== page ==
My association with Starman goes back to 1974. I remember reading both “The Case of the Camera Curse!” (Adventure Comics #66) and “The Menace of the Invisible Raiders” (#67, first appearance of Starman’s arch villain The Mist) reprinted in two of those “100-Page Super-Spectaculars.” Unfortunately, Starman became one of those characters (along with Doll Man, Kid Eternity and Blackhawk) whose stories I would read only once as a kid. I didn’t think too much (or too often) about Starman for the next two decades, not until James Robinson’s post-Zero Hour series.

A couple of years after that series began, I responded to an ad in Comics Buyer’s Guide from a seller looking to get rid of a book I wanted. When I got in touch with him and discovered he lived only a half hour or so away, we decided to meet in person. He was in his 70s and was a big fan of the Justice Society of America having read their adventures in All-Star Comics during his boyhood. He was aware of Starman’s new popularity, but was unwilling to concede that there was anything special or overlooked in the Golden Age stories.

A couple of years later, DC released the first (of two) Golden Age Starman archives and I was able to read for myself that his assessment was correct. The stories were very well-drawn (by artist Jack Burnley), but they were deadly slow-moving, almost like drawing room dramas with a brightly-clad super-hero. Starman wasn’t given much of an origin in his first story (Adventure Comics #61), just a single page (a single panel, really) in which he reveals: “For thousands of years, man have spoken of the mysterious powers of the stars—but I am the first to discover that radiated starlight can be harnessed and used scientifically.” Starman’s complete origin story would not to be told until All-Star Squadron #41, but honestly, there’s nothing there that an imaginative kid of the ‘40s (or adult of any decade) couldn’t have figured out for himself. In his introduction to Golden Age Starman Archives v1, even Jack Burnley admitted: “I hope comics readers will give him a better reception in 2000 than he got from the kids nearly sixty years ago. The many followers of the ‘new’ Starman series can now see how he got his start.” My favorite stories of Ted Knight, the original Starman, are his three team-ups with the Black Canary (the third of which was revealed decades after the fact).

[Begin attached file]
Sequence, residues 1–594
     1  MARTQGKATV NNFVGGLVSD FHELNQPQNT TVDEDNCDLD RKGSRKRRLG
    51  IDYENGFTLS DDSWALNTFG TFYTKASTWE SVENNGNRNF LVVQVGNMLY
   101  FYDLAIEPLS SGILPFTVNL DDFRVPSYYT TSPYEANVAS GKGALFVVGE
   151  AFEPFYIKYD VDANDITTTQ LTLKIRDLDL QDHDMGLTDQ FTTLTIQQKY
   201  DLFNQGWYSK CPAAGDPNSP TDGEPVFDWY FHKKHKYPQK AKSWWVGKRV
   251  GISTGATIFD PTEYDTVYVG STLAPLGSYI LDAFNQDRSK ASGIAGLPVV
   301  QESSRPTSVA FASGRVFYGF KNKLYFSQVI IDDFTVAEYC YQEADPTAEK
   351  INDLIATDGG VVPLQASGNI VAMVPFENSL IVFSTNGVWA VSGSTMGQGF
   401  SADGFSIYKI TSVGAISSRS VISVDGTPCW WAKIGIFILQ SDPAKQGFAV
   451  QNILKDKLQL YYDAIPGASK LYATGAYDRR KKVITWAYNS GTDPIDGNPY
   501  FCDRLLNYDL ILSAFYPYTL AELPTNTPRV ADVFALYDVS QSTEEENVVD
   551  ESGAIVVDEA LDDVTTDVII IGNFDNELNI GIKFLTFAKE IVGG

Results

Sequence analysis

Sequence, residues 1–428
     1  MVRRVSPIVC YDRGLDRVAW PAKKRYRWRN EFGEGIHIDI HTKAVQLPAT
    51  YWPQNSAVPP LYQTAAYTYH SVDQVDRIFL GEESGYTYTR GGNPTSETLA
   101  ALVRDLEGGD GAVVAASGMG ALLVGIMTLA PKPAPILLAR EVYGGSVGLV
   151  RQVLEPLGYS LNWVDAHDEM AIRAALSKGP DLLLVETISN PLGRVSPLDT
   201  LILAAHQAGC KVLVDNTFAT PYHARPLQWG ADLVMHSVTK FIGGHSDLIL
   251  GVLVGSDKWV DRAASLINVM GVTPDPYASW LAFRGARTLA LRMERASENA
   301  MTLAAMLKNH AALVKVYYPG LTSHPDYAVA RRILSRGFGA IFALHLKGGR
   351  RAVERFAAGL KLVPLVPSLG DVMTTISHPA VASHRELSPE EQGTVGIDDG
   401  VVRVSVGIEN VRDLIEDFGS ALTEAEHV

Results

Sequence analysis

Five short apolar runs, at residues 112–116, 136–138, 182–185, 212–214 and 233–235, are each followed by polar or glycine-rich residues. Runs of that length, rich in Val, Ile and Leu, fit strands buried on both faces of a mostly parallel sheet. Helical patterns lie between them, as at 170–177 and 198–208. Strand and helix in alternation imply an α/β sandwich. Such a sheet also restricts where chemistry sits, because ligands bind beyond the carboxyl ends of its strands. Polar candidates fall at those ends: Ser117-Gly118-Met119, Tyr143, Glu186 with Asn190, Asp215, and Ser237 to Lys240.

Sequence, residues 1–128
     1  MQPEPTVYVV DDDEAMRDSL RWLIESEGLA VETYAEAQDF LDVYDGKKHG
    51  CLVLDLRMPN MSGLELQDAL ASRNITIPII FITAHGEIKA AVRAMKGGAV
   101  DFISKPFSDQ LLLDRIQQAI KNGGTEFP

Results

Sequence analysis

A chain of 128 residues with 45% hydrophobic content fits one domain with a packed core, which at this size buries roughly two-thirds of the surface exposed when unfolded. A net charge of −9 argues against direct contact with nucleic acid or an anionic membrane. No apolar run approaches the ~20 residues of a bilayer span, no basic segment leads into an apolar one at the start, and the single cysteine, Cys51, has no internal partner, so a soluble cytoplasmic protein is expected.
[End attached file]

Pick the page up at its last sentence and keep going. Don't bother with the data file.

The first two were presented in The Brave & the Bold #61 and #62 (1965) by Gardner Fox and Murphy Anderson. Inspired by the new series, I bought the first of these as a backissue sometime between 1994 and 1997. [I didn’t notice until yesterday that B&B #61 incorporated the exact same origin panel from Adventure Comics #61.] Even though both characters were married at the time, it wasn’t too much of a reach to extrapolate that Starman and Black Canary were having sex “off panel.” My suspicions were confirmed in Starman Annual #2 (1997)… although how Jack Knight found out about it I have no idea.

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I find it interesting how many Starmrb DC has has over the years. The legacy ones like the Knights make sense, but also giving it to unrelated guys like Mikaal Tomas and Will Payton. Was the name just too tempting to abandon? Was it done for trademark reasons? Now I'm curious. 

I always assumed it was trademark reasons, Randy, but I don't know that for a fact.

Two other minor names DC keeps resurrecting are Huntress and Manhunter. Neither has as many uses as Starman, but they're up there.

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